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A Brief History of Food Lobbying in America

There has always been corporate personhood negatively affecting the government dating back to times even before the United States became an independent country. According to the author of We The Corporations, Adam Winkler, there were corporations in the 1600s that had such great influence on the New World that they played a role in British rule entrapping pre-Independence America. One of those was the Virginia Company, a company that literally established the first North American legislature known as the General Assembly.

Even politicians such as Alexander Hamilton and John Adams were making sure that corporations would have more preferential treatment than regular individuals.

Eventually in the 1880s, corporations were trying to depict themselves as individuals under discrimination, even though there were people who were the most discriminated against, none of whom received benefits the way actual corporations did such as the freedom from wrongdoing or growth into a financial and power-mongering behemoth.

Despite there being a regulation-deregulation seesaw between corporations and the government, the corporations have always found a way to not only domineer the government but even pervert its sacred institutions. According to Joshua Hunt, the author of The University of Nike, tobacco companies, would even pay off universities in the 1960s to makes sure that tobacco would be portrayed as healthy in research studies even though a 1964 Report by the U.S. Surgeon General revealed the contrary. In addition, the Sugar Research Foundation (presently known as the Sugar Association) paid Harvard scientists to publish a New England Journal of Medicine review of research on fat, sugar, and heart disease in which fat was blamed for the cause of heart disease. Not the true source, sugar.

Years later, in 1977, Senator George McGovern addressed the United States Senate Select Committee on Nutrition and Human Needs with a report about rising weight gains in civilians, rising medical costs, and obesity being the future premier source of malnutrition in the US. It also included the following dietary concerns with foods served to the public:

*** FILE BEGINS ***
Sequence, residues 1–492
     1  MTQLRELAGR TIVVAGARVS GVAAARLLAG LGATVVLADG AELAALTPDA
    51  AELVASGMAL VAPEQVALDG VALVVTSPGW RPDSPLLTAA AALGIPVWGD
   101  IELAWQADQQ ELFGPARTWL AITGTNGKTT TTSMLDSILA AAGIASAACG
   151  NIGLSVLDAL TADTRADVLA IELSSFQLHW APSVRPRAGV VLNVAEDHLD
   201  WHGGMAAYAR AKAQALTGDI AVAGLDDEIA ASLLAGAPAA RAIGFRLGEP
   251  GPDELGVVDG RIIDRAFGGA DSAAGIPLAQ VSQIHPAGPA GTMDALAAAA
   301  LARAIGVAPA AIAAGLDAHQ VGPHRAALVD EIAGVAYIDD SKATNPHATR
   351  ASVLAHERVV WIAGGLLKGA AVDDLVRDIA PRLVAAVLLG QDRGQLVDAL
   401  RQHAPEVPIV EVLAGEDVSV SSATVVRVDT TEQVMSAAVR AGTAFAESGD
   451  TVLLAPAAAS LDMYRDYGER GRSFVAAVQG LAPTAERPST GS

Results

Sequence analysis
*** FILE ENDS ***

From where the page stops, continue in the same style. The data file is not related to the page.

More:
• Overly fattened foods
  • Excess sugar
  • High salt intake
  • Richness in Saturated Fat
  • Richness in Cholesterol

The Egg, Sugar, Dairy, and Beef Associations were scared about revenue losses that all paid and lobbied Congress to make sure that the deletions of words such as “reduced intake,” words that would harm industry sales, would take place. 

Dietary Goals in the revised report would be dictated by industry standards that were motivated by sales. Fats such as saturated fat and cholesterol were retracted. However, manufactured “Reduced Fat” products were sold but with sugar used as fat replacements and addiction additives. That way more products would go off the shelves. Sales reached as high as $32.3 billion in the early 2000s but at another price. Obesity rates have now nearly tripled since McGovern’s report.

Now, lobbying has worsened since the Citizens’ United v. Federal Election Commission ruling of 2010, as expenditures on lobbyists in 2020 matched those in the year of the ruling. Worst, lobbying expenditures from firms including the American Beverage Association and Consumer Brands Association (formerly known as the Grocery Manufacturers Association) are up by roughly 10 percent between 2016 and 2020. As a result, the FDA has literally approved legislation that allows foods to contain actual traces of maggots, rodent hair, animal feces, and cigarette butts.

Revelations such as these and awareness of other addictive contaminants and additives have motivated consumers to push food companies to have more transparency on their product labels. Subsequently, brands such as Campbell’s Soup, Nestle, Dean Foods, Cargill, Mars, and Danone North America have left the present-day Consumer Brands Association amid disputes over salt, sugar, and genetic modification of food causing the once lobbying monster to see its revenues fall by over half from 2016 ($35.7 million) to 2019 ($16 million).

Despite such developments over the past several years, recently departed brands are still associated with special interest trade associations such as the Plant Based Foods Association and continue to individually lobby to make sure bills are introduced and laws are passed for their own personal gains. Tobacco companies never made healthier products after cigarettes were designed to be addictive beyond smokers’ awareness levels, and current corporal culprits of the obesity epidemic have yet to fully reform or remove the products that caused extreme weight gains in the first place. Due to such acts occurring while the obesity rate for Americans has increased to 42.4 percent (an approximate 8 percent gain from 2008 to 2020), largely avoiding brands that led Americans to this epidemic is still ideal. Most importantly, labeling may not be enough as it is best to know the root of the problem when the root happens to be the culprit who caused the calamities in the first place.